As there has been a great amount of confusion regarding offshore filing requirements, it is important to not file returns based upon incorrect assumptions. While the filing requirements are extremely complex, this does not mean the IRS will be forgiving if information submitted is incomplete or incorrect.

Contact us today for a free case evaluation. Issues over foreign bank accounts, taxes and offshore assets do not have to ruin your life.

How to evaluate offshore asset protection

The median net worth of the average American family is $121,700. Protecting these assets ensures they’re still available for children, grandchildren, and other beneficiaries. Trusts are one of the most common estate planning documents, and there are several types. An asset protection trust is specifically designed to protect your assets from creditors, lawsuits, and other actions that may make them unavailable for your beneficiaries after your death.

This type of trust is a complex estate planning document that can be difficult to understand and create. Read our guide to learn the answers to 5 of your most burning questions, including what is an asset protection trust, how do I create one, and what benefits can it provide?

Table of Contents

1. What is An Asset Protection Trust?

An asset protection trust, also known as an APT, holds and protects your assets after your death. Once everything is transferred, it shields them from creditors, lawsuits, and other judgments against your estate. There are 2 types; domestic and foreign or offshore asset protection trusts.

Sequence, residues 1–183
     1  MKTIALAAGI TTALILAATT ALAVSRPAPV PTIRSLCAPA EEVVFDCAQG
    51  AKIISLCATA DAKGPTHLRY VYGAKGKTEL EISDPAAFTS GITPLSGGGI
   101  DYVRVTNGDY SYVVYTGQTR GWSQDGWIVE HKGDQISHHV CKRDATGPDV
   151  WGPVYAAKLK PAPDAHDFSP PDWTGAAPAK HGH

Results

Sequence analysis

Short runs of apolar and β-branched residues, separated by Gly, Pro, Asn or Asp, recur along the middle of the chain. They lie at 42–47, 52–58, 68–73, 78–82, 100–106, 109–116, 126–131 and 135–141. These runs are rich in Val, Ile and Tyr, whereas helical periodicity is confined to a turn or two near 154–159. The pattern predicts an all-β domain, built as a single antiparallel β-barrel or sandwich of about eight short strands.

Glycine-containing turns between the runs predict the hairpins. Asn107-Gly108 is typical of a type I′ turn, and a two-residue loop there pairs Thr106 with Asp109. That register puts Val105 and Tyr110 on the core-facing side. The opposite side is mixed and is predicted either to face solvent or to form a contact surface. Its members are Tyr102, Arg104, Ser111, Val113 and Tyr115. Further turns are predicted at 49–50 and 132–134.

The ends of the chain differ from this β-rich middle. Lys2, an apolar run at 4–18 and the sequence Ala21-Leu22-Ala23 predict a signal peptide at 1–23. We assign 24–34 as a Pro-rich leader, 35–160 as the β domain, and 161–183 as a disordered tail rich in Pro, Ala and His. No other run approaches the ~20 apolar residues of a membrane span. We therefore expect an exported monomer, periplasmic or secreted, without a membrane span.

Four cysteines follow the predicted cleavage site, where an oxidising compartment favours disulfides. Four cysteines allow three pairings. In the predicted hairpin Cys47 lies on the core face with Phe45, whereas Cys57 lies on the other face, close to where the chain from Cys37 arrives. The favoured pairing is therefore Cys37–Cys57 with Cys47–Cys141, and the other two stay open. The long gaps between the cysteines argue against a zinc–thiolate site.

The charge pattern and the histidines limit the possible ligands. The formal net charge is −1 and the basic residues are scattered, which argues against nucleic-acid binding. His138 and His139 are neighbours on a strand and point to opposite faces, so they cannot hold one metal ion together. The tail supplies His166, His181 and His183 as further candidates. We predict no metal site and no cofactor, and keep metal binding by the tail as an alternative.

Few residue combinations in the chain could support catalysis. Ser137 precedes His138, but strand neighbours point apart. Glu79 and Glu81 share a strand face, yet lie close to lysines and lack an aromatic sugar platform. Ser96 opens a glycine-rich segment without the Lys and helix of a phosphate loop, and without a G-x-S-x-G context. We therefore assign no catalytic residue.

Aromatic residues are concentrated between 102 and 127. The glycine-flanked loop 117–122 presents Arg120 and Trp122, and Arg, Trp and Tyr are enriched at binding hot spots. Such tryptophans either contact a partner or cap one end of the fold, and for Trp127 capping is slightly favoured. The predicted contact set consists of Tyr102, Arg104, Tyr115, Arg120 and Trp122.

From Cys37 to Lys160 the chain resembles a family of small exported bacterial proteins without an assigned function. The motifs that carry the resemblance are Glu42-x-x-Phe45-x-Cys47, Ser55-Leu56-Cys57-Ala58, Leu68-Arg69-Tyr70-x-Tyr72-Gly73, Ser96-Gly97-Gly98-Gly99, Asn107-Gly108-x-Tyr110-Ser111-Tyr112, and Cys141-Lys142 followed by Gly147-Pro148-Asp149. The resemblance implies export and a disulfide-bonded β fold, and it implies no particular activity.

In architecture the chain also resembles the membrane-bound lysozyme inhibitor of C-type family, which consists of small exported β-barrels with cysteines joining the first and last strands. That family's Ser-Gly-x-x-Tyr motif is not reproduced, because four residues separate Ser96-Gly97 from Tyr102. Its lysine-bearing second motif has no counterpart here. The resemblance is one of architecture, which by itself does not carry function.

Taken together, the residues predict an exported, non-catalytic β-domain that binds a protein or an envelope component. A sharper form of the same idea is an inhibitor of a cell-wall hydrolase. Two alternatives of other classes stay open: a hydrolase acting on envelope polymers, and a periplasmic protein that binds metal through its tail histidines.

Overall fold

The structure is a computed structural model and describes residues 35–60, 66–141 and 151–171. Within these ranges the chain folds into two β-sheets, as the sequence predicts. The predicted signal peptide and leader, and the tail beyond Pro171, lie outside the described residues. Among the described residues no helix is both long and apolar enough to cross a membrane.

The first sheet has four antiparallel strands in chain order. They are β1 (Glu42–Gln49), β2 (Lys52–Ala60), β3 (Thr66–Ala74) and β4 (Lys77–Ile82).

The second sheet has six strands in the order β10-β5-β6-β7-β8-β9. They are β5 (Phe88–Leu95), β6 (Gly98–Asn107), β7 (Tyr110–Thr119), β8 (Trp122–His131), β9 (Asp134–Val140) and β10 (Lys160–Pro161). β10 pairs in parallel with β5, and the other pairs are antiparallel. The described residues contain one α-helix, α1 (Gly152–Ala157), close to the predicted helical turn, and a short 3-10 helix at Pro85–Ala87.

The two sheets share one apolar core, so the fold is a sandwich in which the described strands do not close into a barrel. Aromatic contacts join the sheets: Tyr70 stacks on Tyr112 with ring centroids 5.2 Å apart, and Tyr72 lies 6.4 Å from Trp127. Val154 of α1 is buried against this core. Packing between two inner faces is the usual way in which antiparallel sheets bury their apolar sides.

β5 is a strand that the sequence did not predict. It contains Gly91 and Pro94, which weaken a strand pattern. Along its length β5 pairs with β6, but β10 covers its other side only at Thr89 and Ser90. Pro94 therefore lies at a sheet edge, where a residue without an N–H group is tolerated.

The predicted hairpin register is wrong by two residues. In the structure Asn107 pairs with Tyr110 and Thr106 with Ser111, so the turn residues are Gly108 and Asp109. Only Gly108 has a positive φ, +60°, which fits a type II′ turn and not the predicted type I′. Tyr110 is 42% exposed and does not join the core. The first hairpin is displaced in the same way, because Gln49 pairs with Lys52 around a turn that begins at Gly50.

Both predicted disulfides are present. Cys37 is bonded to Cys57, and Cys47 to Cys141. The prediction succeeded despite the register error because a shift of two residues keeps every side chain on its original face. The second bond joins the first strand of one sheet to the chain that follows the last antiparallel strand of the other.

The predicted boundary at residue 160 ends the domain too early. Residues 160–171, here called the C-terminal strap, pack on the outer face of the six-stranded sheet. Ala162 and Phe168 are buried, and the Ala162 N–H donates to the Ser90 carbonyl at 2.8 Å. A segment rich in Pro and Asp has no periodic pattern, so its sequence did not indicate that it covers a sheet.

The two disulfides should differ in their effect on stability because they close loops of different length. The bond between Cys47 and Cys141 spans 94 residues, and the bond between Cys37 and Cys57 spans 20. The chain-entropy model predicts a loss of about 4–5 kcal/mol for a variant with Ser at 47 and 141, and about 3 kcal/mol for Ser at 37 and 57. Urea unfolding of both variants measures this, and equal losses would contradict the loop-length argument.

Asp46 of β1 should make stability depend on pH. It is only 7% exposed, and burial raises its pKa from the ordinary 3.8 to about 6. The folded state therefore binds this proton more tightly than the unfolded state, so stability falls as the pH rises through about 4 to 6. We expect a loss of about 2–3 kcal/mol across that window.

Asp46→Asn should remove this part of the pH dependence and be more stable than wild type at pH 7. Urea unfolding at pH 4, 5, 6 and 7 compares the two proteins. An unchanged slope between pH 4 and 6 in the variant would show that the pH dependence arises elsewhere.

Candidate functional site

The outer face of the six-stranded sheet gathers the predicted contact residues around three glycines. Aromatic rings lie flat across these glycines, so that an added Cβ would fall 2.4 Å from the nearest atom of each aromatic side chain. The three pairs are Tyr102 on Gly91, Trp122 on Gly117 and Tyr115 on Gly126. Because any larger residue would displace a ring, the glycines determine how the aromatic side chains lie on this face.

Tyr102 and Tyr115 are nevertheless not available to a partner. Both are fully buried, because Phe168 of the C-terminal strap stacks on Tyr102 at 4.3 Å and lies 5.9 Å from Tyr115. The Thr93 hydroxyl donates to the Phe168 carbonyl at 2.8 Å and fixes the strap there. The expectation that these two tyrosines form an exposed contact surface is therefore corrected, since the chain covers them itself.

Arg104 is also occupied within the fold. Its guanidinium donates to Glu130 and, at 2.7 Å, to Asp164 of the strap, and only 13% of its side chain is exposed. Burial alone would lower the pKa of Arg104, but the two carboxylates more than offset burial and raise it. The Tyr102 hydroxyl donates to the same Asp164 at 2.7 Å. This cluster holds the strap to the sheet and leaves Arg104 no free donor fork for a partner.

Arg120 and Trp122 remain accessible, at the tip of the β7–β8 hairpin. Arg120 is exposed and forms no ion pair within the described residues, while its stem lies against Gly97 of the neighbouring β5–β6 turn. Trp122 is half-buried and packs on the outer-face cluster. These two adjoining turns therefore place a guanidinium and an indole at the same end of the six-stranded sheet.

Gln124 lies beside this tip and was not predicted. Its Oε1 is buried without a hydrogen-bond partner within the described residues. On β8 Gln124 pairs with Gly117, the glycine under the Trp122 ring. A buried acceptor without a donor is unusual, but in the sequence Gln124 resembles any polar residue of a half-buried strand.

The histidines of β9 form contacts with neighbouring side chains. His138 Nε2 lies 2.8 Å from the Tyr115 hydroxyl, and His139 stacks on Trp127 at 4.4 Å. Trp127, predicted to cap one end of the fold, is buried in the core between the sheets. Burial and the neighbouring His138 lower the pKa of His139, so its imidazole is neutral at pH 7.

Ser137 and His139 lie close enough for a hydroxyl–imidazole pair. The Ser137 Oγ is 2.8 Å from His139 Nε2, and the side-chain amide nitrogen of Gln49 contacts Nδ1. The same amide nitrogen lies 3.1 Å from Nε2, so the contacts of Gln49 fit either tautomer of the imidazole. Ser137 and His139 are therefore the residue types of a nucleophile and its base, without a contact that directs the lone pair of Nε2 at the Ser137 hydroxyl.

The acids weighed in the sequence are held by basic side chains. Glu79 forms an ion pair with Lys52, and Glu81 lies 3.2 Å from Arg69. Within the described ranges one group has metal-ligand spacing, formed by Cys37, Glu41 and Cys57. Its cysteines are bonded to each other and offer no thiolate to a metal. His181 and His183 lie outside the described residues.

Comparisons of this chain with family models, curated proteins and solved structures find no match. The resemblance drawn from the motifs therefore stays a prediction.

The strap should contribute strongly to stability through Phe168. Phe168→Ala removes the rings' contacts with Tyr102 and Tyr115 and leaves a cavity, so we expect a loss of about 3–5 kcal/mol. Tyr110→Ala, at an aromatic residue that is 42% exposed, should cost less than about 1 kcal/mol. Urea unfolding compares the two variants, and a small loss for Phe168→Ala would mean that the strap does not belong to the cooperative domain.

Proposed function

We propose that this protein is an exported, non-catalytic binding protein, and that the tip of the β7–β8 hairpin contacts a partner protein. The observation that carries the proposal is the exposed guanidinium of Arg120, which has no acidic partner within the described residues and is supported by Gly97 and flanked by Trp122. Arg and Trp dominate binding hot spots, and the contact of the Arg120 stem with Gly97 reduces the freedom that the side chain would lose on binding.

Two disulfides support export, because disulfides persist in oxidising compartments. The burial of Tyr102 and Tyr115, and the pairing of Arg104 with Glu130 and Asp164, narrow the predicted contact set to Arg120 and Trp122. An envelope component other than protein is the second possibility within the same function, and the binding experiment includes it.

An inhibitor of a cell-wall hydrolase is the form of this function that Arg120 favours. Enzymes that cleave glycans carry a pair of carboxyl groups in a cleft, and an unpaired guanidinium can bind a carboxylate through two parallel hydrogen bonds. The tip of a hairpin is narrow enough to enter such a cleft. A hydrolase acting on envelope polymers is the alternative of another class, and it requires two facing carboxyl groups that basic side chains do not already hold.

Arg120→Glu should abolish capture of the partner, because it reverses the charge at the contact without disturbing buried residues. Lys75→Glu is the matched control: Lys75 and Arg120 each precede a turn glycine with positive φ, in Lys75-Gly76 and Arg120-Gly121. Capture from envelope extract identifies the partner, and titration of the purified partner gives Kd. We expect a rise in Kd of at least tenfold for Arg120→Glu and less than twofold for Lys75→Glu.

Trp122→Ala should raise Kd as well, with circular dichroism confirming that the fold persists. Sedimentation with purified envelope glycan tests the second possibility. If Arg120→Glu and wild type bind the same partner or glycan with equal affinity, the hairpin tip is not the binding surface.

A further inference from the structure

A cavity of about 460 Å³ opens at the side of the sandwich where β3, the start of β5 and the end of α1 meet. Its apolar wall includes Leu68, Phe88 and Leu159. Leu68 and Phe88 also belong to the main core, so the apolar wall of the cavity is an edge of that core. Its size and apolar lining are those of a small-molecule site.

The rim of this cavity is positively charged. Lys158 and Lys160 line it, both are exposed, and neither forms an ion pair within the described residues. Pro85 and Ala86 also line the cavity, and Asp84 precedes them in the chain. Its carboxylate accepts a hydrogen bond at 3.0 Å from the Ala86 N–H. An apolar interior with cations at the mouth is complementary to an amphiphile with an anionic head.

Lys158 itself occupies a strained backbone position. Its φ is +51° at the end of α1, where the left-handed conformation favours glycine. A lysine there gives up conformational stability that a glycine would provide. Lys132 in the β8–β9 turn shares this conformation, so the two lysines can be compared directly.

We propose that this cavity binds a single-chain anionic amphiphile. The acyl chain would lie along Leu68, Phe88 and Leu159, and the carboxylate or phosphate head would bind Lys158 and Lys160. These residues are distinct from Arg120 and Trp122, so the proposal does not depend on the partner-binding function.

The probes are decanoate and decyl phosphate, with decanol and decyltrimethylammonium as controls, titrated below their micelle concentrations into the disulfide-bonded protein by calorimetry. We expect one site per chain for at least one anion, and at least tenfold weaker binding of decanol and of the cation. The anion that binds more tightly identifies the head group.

A domestic APT protects assets in the United States. It’s more affordable but leaves you and your beneficiaries at risk of losing your assets to liens, judgments, bankruptcy, or state laws.

A foreign or offshore ATP holds assets in an offshore account outside of the U.S. It’s more expensive but offers additional protection for and lower taxes on your assets.

2. What are the Pros and Cons?

Estate planning is the process of determining the right methods of distributing and protecting your assets. Comparing all your options will help you make the right choice.

Don’t put yourself through the process of creating an asset protection trust before you’ve determined if it’s the right option for you. There are several pros and cons of the document you need to know.